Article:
AMD Phenom II X4 810 and X3 720 BE Processors

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Last month, AMD launched the Phenom II X4 processor line-up, and with it ushered in the first desktop processors built using the company's 45nm process node. While the first two Phenom II processors to arrive, the 3.0GHz X4 940 and 2.8GHz 920, were clearly superior to previous Phenoms in terms of performance and power efficiency, and they remain the two most powerful processors in AMD's product stack today, they did not exploit all of the capabilities offered by their newly tweaked, and redesigned cores.

You see, the AMD Phenom II X4 940 and X4 920 were designed for the socket AM2+ platform, and as such, they supported only DDR2 memory. The latest additions to the Phenom II line-up, the Phenom II X3 720 Black Edition and X4 810, however, are designed for the AM3 platform. That means these new chips can work not only in existing AM2+ motherboards with DDR2 memory, but in new AM3-based motherboards with DDR3 memory as well. The flexibility of these new socket AM3 based Phenom II processors should appeal to existing AMD system owners who may be thinking about a CPU upgrade, or potential new AMD-based system buyers who want the freedom to choose from a wide array of motherboards and memory type at multiple price points.

We've taken the new triple-core Phenom II X3 720 Black Edition and quad-core X4 810 for a spin in our lab using both socket AM2+ and socket AM3 based motherboard platforms, to give you all an idea as to how each configuration performs. Take a look at the specs below for some particulars, and then read on for the full scoop...


AMD Phenom II X3 720 Black Edition & Phenom II X4 810

AMD Phenom II X3 / X4 Processors 
Specifications and Features

Model / Processor Frequency: AMD Phenom II Processor Model X4 810 / X3 720 Black Edition
L1 Cache Sizes: 64K of L1 instruction and 64K of L1 data cache per core (512KB total L1 per processor)
L2 Cache Sizes: 512KB of L2 data cache per core (2MB total L2 per X4 processor, 1.5MB per X3)
L3 Cache Size (shared): 4MB (X4 810) / 6MB (X3 720)
Memory Controller Type: Integrated 128-bit wide memory controller, capable of being configured for dual 64-bit channels for simultaneous read/writes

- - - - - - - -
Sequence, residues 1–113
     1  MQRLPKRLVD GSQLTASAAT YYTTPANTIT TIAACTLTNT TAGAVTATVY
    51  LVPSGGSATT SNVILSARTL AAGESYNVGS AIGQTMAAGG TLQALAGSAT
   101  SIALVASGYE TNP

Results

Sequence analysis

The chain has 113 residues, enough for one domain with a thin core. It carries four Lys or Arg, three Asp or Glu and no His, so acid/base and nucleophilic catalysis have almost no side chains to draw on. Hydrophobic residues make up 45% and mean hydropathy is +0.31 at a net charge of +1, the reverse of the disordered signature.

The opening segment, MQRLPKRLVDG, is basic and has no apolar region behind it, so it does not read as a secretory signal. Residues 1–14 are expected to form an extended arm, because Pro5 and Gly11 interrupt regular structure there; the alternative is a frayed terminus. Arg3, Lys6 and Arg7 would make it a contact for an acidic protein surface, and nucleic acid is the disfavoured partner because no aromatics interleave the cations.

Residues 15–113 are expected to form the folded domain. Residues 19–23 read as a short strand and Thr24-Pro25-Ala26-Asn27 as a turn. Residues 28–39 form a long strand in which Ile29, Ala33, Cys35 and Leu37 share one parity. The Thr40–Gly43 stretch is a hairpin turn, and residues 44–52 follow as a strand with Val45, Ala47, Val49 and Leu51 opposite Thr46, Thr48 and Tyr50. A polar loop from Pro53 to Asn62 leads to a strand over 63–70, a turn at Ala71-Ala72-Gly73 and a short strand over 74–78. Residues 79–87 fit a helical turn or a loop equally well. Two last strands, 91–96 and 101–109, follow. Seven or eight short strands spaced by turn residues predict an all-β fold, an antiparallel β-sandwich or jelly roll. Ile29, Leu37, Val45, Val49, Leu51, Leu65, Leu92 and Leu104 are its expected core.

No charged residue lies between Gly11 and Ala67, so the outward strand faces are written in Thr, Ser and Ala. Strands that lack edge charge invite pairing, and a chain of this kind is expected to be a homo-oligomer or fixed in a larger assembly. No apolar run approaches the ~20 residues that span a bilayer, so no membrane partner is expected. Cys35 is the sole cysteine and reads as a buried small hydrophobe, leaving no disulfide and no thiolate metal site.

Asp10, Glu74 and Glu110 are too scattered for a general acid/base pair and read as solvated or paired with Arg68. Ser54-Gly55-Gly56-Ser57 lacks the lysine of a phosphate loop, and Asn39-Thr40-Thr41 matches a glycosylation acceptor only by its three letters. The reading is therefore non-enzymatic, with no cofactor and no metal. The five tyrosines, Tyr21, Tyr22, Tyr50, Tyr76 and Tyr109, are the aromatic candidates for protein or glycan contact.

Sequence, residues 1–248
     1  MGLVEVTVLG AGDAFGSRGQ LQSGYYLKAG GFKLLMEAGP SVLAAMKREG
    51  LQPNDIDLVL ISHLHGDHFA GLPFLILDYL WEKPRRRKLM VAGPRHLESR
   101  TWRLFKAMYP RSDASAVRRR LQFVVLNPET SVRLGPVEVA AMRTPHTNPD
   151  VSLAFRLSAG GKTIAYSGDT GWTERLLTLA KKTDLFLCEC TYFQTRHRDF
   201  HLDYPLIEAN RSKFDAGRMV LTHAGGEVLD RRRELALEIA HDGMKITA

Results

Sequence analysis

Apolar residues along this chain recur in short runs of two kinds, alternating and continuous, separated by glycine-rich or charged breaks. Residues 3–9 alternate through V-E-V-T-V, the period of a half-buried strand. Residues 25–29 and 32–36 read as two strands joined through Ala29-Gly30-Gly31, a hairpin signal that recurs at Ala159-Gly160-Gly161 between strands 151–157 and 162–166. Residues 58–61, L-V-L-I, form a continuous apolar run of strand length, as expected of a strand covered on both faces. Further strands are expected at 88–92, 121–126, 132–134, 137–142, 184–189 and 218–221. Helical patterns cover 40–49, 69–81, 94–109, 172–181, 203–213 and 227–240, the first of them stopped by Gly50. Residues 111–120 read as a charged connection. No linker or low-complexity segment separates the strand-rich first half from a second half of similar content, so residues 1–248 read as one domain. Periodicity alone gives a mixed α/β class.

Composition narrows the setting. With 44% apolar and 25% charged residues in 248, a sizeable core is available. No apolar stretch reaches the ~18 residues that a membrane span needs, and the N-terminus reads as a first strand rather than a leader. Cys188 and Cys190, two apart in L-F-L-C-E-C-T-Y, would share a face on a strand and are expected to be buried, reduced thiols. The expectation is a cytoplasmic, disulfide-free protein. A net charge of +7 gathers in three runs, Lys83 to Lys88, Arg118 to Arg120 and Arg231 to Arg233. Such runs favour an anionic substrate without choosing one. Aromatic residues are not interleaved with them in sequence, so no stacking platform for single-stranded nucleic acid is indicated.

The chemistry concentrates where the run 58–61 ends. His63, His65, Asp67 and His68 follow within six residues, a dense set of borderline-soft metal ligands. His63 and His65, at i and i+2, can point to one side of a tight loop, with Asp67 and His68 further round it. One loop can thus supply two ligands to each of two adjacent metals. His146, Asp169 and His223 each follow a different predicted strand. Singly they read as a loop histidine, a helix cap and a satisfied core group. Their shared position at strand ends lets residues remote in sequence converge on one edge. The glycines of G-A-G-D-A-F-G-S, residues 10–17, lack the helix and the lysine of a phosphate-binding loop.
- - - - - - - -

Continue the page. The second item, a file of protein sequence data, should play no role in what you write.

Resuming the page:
Memory Controller Frequency: Up to 2.0GHz with Dual Dynamic Power Management
Types of Memory: Unreg. DIMMs up to PC2 8500 (DDR2-1066MHz) and PC3 1333 (DDR3-1333MHz)
HyperTransport 3.0: One 16-bit/16-bit link @ up to 4000MHz full duplex
Total Processor Bandwidth: Up to 33.1 GB/s bandwidth
Packaging: Socket AM3 938-pin organic micro pin grid array (micro-PGA) (backward compatible with Socket AM2)
Fab location: AMD's Fab 36 wafer fabrication facilities in Dresden, Germany
Process Technology: 45nm (.045-micron) DSL Silicon on Insulator (SOI)
Approximate Transistor count: approx. ~758 million (65nm)
Approximate Die Size: 258 mm2 (45nm)
Nominal Voltage: .0875-1.425 Volts
Max Ambient Case Temp: 71 / 73 degress Celsius
Max TDP: 95 Watts
*Note: MC configurable for dual 64-bit channels for simultaneous read/writes
**Note: for DDR3-1333, AM3 boards will support 1-DIMM-per-channel @ 1333MHz


Although the Phenom II X3 720 Black Edition and X4 810 are new additions to AMD's processor line-up, they are part of what AMD has labeled the "Dragon Platform".  We have talked about the individual elements of the Dragon platform in a few previous articles here on HotHardware before, so we won't do the same again here. We will, however, recommend taking a look at a few recent articles to get familiar with some of the underlying technologies and components that partially comprise the Dragon platform.

The Enter the Dragon: AMD Phenom II X4 940 article listed above talks about the changes brought forth by AMD's 45nm Phenom II processors.  And the various 7-series chipset, Phenom and Athlon processor, and Spider platform related articles cover the remainder of the platform--with the exception of the Phenom II X3 720 Black Edition and X4 810 that is, which we'll be showing you next.
 

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AMD has been proven by Anandtech to run video games as well as or better than C2Q and according to them the game flows much smoother because of the onboard memory controller. Who can afford i7? There's great value in the new Phenom II's and the X4 955 will be out later this month which has been commonly shown to run over 4 GHz with low voltage and air cooling. Personally, I'd love to have one but their going to debute at over $300. Broken Heart

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totally agree. An FX variant is what AMD needs to throw out next. I think if they could get an FX version out that came close to comparing to an i7 920 for around the same price they could get a huge share back.

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FX clocked at 3.6 GHz with some special feature versus the other Phenom II's.

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The X3-720 is a good CPU. I unlocked the 'hidden' fourth core and OC'd mine to 3.2 on air. With DDR-3 RAM in it, it's playing all of my shooters on high settings without problems @1680X1050 resolution.

So with the right motherboard, you get an extra core if you get lucky enough. Even with just three of them, it's a solid performer too.

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